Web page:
RockyWood: Wood – Modular Timber Construction, Offenbach, Germany

RockyWood:  Wood – Modular Timber Construction

The harbor at the Main River in Offenbach, offering views of the Frankfurt skyline, is developing into a creative quarter. The "RockyWood" project construction site is between the listed Heynefabrik and a future new building for the Hochschule für Gestaltung (School of Design). It is an ensemble of two buildings, 'Rocky' and 'Wood'. 'Wood' is modular structured and built almost entirely of timber.

The approximately 500 prefabricated and technically pre-equipped wooden construction modules allow a short construction period on site of about 1.5 years. In addition, the 2,600 m³ / 91,818 ft³ of timber bind a CO2 load of around 2,500 t. Also for fire protection reasons, the four upper floors of 'Wood' are connected to each other via external pergolas, thus allowing interdisciplinary work across the floors.

In addition to office space on the upper floors and a restaurant on the ground floor, the building is also intended to accommodate a social integration project – the 'Nordend Offenbach' boxing club. The public square between 'Wood' and 'Rocky', the so-called 'Playground', is greened and with seating and sports equipment. The square, which is connected to the Main River by stairs, is intended to promote urban life and, as a meeting place, to connect people.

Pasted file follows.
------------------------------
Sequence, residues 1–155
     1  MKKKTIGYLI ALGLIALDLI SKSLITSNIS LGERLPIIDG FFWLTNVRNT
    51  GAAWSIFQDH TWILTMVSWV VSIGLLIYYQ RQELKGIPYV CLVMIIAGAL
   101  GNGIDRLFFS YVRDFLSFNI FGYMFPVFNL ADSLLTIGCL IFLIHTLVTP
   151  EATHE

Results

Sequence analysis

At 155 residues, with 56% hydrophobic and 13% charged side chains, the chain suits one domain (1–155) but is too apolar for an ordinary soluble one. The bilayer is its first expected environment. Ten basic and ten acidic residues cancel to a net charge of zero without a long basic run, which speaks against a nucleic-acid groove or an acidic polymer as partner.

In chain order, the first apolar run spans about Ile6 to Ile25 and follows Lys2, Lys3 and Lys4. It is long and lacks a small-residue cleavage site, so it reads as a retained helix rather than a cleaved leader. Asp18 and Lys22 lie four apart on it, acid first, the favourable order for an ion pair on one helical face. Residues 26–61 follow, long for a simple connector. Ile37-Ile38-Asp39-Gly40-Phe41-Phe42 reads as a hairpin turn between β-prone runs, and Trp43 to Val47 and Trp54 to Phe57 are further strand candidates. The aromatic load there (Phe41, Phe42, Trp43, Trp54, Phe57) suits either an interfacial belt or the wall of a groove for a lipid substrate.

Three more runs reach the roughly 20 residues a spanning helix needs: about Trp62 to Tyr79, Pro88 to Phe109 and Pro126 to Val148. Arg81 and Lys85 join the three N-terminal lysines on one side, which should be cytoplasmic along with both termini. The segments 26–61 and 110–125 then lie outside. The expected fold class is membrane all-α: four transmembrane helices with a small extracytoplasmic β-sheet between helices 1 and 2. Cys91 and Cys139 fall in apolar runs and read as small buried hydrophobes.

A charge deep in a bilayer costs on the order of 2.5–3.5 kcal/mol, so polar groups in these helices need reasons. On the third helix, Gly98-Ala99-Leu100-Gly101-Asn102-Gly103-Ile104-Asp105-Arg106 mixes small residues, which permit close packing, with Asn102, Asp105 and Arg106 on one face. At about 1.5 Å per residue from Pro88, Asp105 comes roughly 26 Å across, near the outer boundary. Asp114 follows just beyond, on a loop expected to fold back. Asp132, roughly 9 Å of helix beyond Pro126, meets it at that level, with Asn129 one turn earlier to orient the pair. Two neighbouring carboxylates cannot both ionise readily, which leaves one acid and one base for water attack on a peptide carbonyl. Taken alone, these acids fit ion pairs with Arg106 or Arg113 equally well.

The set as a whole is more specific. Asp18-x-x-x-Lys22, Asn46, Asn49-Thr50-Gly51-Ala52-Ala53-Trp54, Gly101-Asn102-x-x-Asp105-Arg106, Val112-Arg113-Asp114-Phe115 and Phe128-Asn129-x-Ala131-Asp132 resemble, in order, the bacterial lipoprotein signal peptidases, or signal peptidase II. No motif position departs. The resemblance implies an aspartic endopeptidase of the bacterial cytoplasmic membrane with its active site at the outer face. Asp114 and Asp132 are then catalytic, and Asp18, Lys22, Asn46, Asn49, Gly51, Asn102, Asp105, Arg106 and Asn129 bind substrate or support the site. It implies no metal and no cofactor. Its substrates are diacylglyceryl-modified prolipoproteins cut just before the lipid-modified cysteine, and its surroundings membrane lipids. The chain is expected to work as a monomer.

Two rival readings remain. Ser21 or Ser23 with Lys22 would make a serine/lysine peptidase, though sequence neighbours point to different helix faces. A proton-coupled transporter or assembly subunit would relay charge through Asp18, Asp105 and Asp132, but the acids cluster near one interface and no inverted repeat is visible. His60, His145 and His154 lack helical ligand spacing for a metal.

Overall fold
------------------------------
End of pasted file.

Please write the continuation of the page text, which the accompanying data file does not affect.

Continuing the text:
For 'Wood' a decentralized ventilation concept was developed which supports the modular construction approach with the help of decentralized facade ventilation elements integrated into the hollow floor. Symbiotically, the ventilation system also serves for heating and cooling.

Due to its timber construction, 'Wood' has only a low thermal mass. Ceiling fans compensate for this if needed, thus ensuring thermal comfort by means of a controlled increased air flow in the rooms. The energy concept connects the building to Offenbach's district heating, which is attractive in terms of primary energy, ans is supported by a combination of a heat pump and the thermal use of the so-called bank filtrate, i.e. the groundwater near the Main River. Dynamic thermal simulations and daylight simulations were used as analyses accompanying the planning.